Math Strategies in Context

A student demonstrates that 1/2 = 6/12, 3/6, 2/4 and 5/10

“EXPLAIN HOW YOU WOULD TEACH YOUR LEARNERS PLACE VALUE” and “Explain in detail how you teach ABET level 1 learners fractions” are two recent requests from readers of this blog. (ABET stands for “Adult Basic Education and Training” and is a term used in South Africa as well as other places.) Continue reading

The Period and the Sentence

How do you know where to put the period? Use your brain. Use your ears. Use your whole body.

The period is near the top of the list of mechanical things to teach when you’re working with beginning writers. But However, it’s hard for students to grasp the idea of putting a period “at the end of a sentence” when they don’t have much of a grasp of what a sentence is.

Language Experience Approach

If I’m using LEA, I’m secretly glad that I get to teach periods from the start, Continue reading

To, Two and Too

When I’m looking for something to do on Monday, I don’t want to see something that says, “Teach ‘to,’ ‘too,’ and ‘two’ by examining meaning and pronunciation, and find kinesthetic and auditory hooks to help learners remember the spelling.” I want details, details, details. So I’ve written lots of details today.

Here is a lesson I have taught many times, to help students understand and remember the spelling of “to,” “too,” and “two.”

These three are called homonyms in every book or app that I have seen, but in my part of the English-speaking world, they are not all pronounced the same way. “To” is usually shortened in speech to “t’ ”  a “t” sound and a very little “uh” or schwa sound after it.

I like this lesson because it’s a new take on an old topic, because students collect and analyze the data and come up with the rules instead of me giving them out, because it involves a fair amount of moving around and fun, because it involves exploring the language, and finally because it offers the students some physical and auditory hooks to remember these three words, in addition to the usual meaning-based distinctions. Continue reading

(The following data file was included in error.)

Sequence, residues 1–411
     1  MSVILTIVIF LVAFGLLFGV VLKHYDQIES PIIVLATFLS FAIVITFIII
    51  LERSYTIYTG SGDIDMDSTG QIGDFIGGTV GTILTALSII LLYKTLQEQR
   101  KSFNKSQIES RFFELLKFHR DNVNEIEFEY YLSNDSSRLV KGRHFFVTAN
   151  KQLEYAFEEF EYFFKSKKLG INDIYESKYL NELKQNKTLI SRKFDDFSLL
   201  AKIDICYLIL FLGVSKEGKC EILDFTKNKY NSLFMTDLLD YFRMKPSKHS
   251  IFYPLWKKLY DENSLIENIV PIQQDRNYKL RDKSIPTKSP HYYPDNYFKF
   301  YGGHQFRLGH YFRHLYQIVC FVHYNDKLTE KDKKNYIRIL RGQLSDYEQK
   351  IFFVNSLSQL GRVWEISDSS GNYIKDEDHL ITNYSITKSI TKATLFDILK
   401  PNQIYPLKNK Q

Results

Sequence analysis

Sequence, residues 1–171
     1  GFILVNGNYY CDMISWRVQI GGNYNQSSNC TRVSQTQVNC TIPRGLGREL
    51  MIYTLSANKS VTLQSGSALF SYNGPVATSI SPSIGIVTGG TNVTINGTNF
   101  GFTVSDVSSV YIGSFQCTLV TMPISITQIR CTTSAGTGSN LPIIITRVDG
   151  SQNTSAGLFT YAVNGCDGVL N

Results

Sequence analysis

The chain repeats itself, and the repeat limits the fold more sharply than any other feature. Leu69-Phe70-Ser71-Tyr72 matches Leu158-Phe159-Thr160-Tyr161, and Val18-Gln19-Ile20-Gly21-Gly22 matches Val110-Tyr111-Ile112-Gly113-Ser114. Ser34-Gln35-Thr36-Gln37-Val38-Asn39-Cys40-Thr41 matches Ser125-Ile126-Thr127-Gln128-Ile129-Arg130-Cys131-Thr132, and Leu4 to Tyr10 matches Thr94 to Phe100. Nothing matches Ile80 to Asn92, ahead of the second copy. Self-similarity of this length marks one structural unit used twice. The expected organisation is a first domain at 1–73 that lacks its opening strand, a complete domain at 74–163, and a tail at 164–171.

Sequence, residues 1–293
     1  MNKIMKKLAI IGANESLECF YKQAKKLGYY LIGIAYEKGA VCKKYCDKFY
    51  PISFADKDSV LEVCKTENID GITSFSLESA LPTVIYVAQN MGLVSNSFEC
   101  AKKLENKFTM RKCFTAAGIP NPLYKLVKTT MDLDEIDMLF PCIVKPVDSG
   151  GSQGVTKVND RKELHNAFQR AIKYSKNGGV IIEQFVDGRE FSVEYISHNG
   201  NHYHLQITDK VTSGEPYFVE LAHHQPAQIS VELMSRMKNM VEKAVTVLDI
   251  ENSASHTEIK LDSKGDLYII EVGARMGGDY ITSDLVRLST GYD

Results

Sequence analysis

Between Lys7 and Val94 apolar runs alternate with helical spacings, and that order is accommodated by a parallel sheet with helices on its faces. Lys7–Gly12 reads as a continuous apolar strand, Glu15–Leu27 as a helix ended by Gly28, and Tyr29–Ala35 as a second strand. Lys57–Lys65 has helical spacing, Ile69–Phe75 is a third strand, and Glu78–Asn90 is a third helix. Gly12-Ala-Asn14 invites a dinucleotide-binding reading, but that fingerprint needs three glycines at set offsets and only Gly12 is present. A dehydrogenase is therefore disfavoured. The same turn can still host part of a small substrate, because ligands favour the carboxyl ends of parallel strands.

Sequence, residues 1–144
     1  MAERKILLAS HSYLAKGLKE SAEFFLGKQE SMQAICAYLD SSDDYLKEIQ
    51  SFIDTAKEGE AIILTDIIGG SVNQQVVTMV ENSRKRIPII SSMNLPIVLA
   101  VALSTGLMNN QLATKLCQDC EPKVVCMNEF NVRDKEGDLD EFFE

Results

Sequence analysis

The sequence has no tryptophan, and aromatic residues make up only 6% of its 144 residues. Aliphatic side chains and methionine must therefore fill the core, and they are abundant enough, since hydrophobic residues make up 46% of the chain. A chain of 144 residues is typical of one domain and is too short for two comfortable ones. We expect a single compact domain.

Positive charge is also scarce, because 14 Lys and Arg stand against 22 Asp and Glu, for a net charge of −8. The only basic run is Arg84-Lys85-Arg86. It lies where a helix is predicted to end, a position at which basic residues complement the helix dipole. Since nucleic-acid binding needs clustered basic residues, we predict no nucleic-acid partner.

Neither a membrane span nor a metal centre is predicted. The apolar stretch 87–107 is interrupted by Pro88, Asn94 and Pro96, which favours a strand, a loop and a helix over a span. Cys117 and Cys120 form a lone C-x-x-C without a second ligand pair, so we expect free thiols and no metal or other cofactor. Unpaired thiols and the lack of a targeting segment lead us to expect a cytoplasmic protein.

Human Digits

Pick a digit. Pick your favorite digit–any one you want, from the pile on the table.” That’s how the “human digits” activity starts. It’s another social math activity, this one to teach place value, and to practice reading big numbers.

Make a Safer Space

I know I’m going to ask people to get themselves into groups, and some people will hang back and wait to be invited to join a group, which is stressful, and others will be nervous about being on their feet and not knowing what I have in store for them. So I put some energy into making the space more comfortable for everyone. Continue reading

Bernice Shows the Way

I remember the moment that I began to mark for confidence. It was Bernice who got me started.

The class was finishing up their writing, and putting it into the envelope that went upstairs to the secretary to be typed so that everyone could have a copy of everyone else’s stories. I tried to catch people as they finished up their work, to do a final proofread with them.

On that day, Bernice strode purposefully up to the envelope hanging behind me. Continue reading